Tuesday, August 26, 2014

The Diachronic Self: Contents


1. Ch.1: Causal Conditions for Continuity
3.   Diachronic Identity: A relational view. Self and self-phase.
11. Four Theories: Results of Narrow, Wide and Widest Reductionist theories as applied to a spectrum of cases.
18. Cases.
22. Cases and Theories: How the various theories treat the cases.
26. Causal Conditions: Internal, external, reliable and unreliable, direct and indirect causes of continuity. The Causal Condition.
33. Which Causal Condition?
34. Is a Causal Condition Needed? Critique of Kolak and Martin.
44. Argument from Perception: The perception of enduring objects.
47. Neurosurgeons and the Slippery Slope: Weakening causal links, levels of abstraction, and a slippery slope argument.
55. Series-Persons: Parfit’s argument against Nagel’s same-brain criterion.
59. Argument by Undermining Contrary Intuitions: Why the Widest Reductionist View produces unsettling intuitions.

64. Ch.2: The Terminus of the Self
66. Bodily Death and Personal Death: Death of the biological organism and death of the person.
69. Two Meanings of ‘Dead’: Temporary and irreversible loss of life.
73. Permanence vs Irreversibility: Permanent and Theoretical Death
79. Irreversible Cessation and Types of Continuity: Information vs function-based criteria.
91. Deanimate: A state apart from life and death. Distinctions between deanimate, inactivate and dormant.
98. Partial Death
106. Declaring Death and Deanimation: Declaration as partly factual assessment, partly decision.
108. Practical Importance of the Deanimate Category: Effects on attitudes, status, and survival prospects.

113. Ch.3: A Transformationist Account of Continuity
113. Introduction.
116. I. The Metaphysics of Connectedness
116. Measuring connectedness: The components of psychological continuity: memories, intentions, dispositions, beliefs, abilities, desires, values, projects.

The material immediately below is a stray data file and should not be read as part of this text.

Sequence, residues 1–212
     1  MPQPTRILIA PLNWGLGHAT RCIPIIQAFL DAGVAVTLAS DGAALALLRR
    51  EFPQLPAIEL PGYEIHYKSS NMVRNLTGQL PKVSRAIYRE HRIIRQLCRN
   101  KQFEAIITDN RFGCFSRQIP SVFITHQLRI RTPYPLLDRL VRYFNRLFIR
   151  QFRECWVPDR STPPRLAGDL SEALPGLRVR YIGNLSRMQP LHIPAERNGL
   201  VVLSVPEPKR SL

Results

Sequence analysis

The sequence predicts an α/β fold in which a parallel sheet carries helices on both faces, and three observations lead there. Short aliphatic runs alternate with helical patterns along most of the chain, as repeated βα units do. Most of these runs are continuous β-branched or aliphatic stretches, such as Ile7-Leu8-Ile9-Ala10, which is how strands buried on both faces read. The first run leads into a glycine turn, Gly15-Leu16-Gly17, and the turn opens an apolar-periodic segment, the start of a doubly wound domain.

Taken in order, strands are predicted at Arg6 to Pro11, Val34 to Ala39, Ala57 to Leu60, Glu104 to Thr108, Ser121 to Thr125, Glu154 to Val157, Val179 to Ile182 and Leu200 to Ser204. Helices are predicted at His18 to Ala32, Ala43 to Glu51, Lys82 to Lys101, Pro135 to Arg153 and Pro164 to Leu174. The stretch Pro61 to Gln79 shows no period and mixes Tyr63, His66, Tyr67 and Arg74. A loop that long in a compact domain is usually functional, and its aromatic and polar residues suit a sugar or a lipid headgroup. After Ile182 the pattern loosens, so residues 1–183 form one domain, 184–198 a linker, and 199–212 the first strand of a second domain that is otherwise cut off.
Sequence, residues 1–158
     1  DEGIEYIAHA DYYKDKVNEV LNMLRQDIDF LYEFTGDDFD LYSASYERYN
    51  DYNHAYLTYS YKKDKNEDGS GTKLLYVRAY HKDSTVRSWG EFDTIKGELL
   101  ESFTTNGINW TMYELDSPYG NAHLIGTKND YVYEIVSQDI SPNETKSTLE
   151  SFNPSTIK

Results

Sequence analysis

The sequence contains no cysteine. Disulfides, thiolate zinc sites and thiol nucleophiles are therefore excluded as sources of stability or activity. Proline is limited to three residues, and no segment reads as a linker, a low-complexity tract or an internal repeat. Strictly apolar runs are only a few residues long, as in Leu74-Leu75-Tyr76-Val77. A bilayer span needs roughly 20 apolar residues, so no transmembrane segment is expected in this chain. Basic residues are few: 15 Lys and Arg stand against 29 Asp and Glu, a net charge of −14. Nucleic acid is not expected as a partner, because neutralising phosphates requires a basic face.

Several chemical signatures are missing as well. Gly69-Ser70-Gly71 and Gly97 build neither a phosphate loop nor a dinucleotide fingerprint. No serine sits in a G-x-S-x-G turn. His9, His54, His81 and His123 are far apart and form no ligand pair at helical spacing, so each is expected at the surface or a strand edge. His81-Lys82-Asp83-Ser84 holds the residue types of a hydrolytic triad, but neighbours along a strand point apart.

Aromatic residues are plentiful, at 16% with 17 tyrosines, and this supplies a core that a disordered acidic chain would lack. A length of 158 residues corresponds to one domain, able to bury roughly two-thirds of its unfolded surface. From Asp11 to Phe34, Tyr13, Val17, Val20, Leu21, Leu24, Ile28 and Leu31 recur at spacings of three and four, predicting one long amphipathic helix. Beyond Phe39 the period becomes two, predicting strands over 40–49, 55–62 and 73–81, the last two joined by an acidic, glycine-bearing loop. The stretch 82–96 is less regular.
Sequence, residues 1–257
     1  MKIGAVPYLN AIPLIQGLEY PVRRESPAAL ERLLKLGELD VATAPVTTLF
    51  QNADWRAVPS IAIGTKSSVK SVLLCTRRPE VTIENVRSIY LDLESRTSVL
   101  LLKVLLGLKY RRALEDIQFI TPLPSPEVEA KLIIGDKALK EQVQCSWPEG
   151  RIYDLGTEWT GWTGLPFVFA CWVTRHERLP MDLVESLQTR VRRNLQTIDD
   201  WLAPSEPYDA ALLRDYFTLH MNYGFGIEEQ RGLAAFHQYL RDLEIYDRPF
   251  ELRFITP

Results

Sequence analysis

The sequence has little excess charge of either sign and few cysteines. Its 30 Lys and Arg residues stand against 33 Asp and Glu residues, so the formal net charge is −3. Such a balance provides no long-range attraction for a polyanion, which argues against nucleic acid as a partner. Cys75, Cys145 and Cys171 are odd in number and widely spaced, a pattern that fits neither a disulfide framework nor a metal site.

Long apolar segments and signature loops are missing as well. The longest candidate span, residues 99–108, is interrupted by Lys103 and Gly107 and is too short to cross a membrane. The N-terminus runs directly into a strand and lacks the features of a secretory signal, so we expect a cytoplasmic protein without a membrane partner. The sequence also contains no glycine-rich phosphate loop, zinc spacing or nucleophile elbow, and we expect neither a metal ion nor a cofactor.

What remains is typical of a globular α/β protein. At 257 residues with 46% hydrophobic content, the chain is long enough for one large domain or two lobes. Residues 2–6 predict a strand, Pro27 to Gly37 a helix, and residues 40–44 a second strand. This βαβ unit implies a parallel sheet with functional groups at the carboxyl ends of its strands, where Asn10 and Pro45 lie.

148. II. Normative Inferences
149. Reductionism and the Depth of a Life: Is personal identity less deep on a reductionist view? Is death less significant on a reductionist view?
159. Transformationism: Connectedness vs. Continuity.
165. Disproportionality of Connectedness and Concern: Degree of concern for your future phase need not be proportional to connectedness degree:
·         Connectedness higher than apparent: Measures of centrality. Relative weighting of the components in terms of the types of centrality.
·         Intrinsically vs. instrumentally significant features.
175. Transformationism.
·         Valuing life as a whole/long stretches.
·         Ideal self: Changes that bring you closer to your ideal self do not reduce the degree of future concern. Difference with Taylor’s view of evaluations as foundation of identity.
·         Holding self-transformation as a central project.
197. Continuity and Structuring a Life
197. (a) Life Plans: Coherence of action & rational life plans.
202. (b) Principles: Incorporating principles to strengthen sticking to project. Self-definition by principles. Values & symbolism of actions. Principles as (i) Foundations: constitute/create identity; (ii) Regulators/filters: set boundaries to possible actions and identity.

210. Ch.4: Technological Transformation and Assimilation
211. I. Augmentative and Deteriorative Transformation
211. Augmentative vs. Deteriorative Transformation.
216. Raymond Martin on Transformation and Replacement.
229. II. Integration of Change

229. Assimilation

232. Functional integration.
·         Functional not structural integration; distributed existence.
·         Does integration require direct control?
·         Does integration require exclusive access?
·         Does not require choosing the mods.
·         Interdependence: Requires mutual support, feedback, homeostasis.

246. Enhancement vs. Supplementation

·         Enhancements as assimilated abilities, supplements as external.
·         Must enhancement require more effort?
·         Persistence of effects.
·         Chosen and imposed improvements: Ease of assimilation.
252. Merit in Sports, games, and tests.
·         Biological: steroids, bloodpacking, nutrition, high-altitude training.
·         Neurochemical: Smart drugs, mood modifiers (SSRI).
·         Genetic modification.
261. III. Intrinsic and Instrumental Bodily Identity
·         Physicalism and psychological reductionism. Bodies as means of expression.
·         Instrumental importance of material and form of the body.
·         Primacy of function over form.
·         Level of function.
·         Response to objections to rejection of intrinsic importance of bodily identity.

277. Conclusion
The technological and social trend towards increasing self-definition.

279. Bibliography

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